Sliders as Inputs

Origin Story

There once was a worksheet that was meant to be used in a face-to-face scenario. The goal was indicate where you fell on a spectrum across a number cultural orientation of measures. The challenge was to transform that into something digital that could then be part of a larger conversations.

Watch the video above to get an idea of what the experience is like or this will make even less sense.

The Sliders

I like sliders as interface elements for things like these.1 You can see the HTML below that builds them or check out the Codepen for more CSS etc. That’s all pretty straight forward.

<div class="slider-container">
<div class="slide-label left">Direct Communication</div>
<div class="slide-label right">Indirect Communication</div>
<input id="directness" class="slider" max="100" min="0" type="range" value="50" />

I did have to add the input tag to the KSES allowed list to keep WordPress from stripping it out. To do that I added the following to our KSES modifier file.

$allowedposttags["input"] = array(
 "type" => array(),
 "range" => array(),
 "min" => array(),
 "max" => array(),
 "value" => array(),
 "id" => array(),
 "class" => array(),

Getting the Values

Now I needed some javascript to look at these sliders and record the values as the sliders were . . . slid in various directions. This little bit gets our values once we loop through the sliders that exist. Simple.

function sliderAmount(slider){
	 sliderValue = slider.value;
	return sliderValue;

Gravity Forms Integration

I did this via Gravity Forms because it’s fast and I’m overly comfortable with it. This is where things get a bit weird. We’re using a typical Gravity Forms to post scenario. Nothing odd there but I ended up building a shortcode to let me build the post content which is not as typical.

The javascript below is looking for our form and then writing various variables to the fields (which are hidden by CSS). The shortcode ends up looking like [dih-graph scores=”50,50,50,50,50″] with the 50s being replaced by whatever scores are recorded.

if (document.getElementById('gform_wrapper_6'))//change for prod
	let values = [50,50,50,50,50];
	let sliders = Array.from(document.getElementsByClassName('slider'));
	let field = document.getElementById('input_6_4');
	let title = document.getElementById('input_6_1');	
	sliders.forEach(function(slider, index) {
		slider.oninput = function (){				
				values[index] = sliderAmount(slider);
				field.value = '[dih-graph scores="'+values.join(',')+'"]';
				title.value = values.join('/');


The Shortcode

The shortcode is pretty ugly but it works. It loops through the data provided and generates the necessary HTML.

function dih_grapher_sc( $atts ) {
	$a = shortcode_atts( array(
		'scores' => '1,2,3,4,5',
	), $atts );
    $graphs = '';
    $lefts = ['Direct Communication','Monochronic','Low Power Distance','Individualism','Task Focus'];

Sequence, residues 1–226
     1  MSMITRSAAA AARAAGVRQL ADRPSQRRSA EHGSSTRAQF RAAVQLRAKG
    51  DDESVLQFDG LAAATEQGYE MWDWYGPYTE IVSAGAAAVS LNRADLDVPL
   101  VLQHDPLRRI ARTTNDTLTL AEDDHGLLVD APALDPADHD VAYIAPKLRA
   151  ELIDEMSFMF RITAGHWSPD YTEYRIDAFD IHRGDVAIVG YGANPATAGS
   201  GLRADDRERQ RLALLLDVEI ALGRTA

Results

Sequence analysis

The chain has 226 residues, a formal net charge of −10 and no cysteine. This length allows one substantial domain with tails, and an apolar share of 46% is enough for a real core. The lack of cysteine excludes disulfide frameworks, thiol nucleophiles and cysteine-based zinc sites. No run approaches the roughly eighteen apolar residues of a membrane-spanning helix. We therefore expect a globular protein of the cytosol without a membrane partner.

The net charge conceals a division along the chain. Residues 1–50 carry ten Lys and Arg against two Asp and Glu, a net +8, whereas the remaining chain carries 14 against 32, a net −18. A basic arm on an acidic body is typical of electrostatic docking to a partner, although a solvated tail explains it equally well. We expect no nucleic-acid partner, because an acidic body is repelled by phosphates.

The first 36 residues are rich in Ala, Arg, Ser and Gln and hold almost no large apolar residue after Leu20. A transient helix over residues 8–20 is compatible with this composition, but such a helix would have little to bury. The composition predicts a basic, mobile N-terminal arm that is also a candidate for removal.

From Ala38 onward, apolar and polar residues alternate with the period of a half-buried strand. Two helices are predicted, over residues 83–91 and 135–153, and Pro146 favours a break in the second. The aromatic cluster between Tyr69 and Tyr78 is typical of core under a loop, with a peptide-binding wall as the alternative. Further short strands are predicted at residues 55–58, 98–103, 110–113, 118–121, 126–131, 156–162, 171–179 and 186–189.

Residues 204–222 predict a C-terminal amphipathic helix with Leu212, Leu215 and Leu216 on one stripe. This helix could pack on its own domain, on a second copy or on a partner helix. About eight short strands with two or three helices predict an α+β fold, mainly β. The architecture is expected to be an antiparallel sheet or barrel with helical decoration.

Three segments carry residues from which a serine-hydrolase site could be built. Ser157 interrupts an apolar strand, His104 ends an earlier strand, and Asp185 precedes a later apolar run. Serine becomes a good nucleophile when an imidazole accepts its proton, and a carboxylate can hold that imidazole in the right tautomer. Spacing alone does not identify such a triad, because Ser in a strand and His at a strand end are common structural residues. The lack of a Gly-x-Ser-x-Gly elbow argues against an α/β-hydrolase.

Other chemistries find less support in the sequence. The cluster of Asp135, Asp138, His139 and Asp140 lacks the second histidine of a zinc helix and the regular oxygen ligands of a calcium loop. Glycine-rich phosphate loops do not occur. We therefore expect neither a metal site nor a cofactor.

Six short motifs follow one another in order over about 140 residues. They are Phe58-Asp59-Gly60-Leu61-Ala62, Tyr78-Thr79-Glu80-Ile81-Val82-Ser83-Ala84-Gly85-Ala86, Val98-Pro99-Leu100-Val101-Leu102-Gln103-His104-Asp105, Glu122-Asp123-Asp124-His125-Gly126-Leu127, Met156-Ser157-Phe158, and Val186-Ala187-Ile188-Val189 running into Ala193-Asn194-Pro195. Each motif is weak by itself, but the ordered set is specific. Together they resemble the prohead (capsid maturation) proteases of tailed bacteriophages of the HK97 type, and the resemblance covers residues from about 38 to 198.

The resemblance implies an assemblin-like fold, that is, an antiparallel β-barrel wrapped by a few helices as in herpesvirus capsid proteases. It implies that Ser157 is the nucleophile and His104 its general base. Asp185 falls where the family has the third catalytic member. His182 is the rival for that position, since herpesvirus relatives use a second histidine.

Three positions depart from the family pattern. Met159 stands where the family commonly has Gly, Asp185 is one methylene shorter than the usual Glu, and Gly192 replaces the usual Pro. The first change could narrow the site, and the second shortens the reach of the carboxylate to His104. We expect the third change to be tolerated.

$rights = ['Indirect Communication','Polychronic','High Power Distance','Collectivism','Relationship Focus'];
    $scores = explode(",", $a['scores']);
    foreach ($scores as $key => $score) {
	   $graphs .= graph_builder($score, $lefts[$key], $rights[$key]);
	return $graphs;
add_shortcode( 'dih-graph', 'dih_grapher_sc' );

function graph_builder($score, $left, $right){
	return '<div class="slider-container">
<div class="slide-label left">'.$left.'</div>
<div class="slide-label right">'.$right.'</div>
<p><input type="range" min="0" max="100" value="'.$score.'" class="slider" id="directness">


Now because Gravity Forms kept insisting on running filters I didn’t want on the content, I just stuck the data in a custom post field and then appended it to the post via a filter. That seems weird now that I write it but whatever.

function filterPostForTBL($content){
    global $post;	
	if (get_post_meta( $post->ID, 'tbl_score', true )){
	  return $content . get_post_meta( $post->ID, 'tbl_score', true ) . get_post_meta($post->ID, 'discussion-prompt', true);
	} else {
		return $content;

add_filter( 'the_content', 'filterPostForTBL');

Scroll to Entries

With our entries showing up on the same page as the form, I wanted to make sure that the person was redirected back to where they’d see other people’s entries. I did this by adding an id to the confirmation message and adding a bit of javascript to scroll to that ID.

function scrollToThanks(){
	console.log('scroll ran')
		console.log('scroll found thanks')
	  let thanks = document.getElementById("thanks");
	  let topThanks = thanks.offsetTop;
		  top: topThanks,
		  left: 0,
		  behavior: 'smooth'

var callback = function(){
  // Handler when the DOM is fully loaded

if (
    document.readyState === "complete" ||
    (document.readyState !== "loading" && !document.documentElement.doScroll)
) {
} else {
  document.addEventListener("DOMContentLoaded", callback);

Comments on this post

  1. carpetbomberz said on July 17, 2019 at 2:47 pm

    The link in the footnotes is NOT to be missed,… “You have many sliders”

    • Tom Woodward said on July 18, 2019 at 11:43 am

      My footnotes are always better than my posts.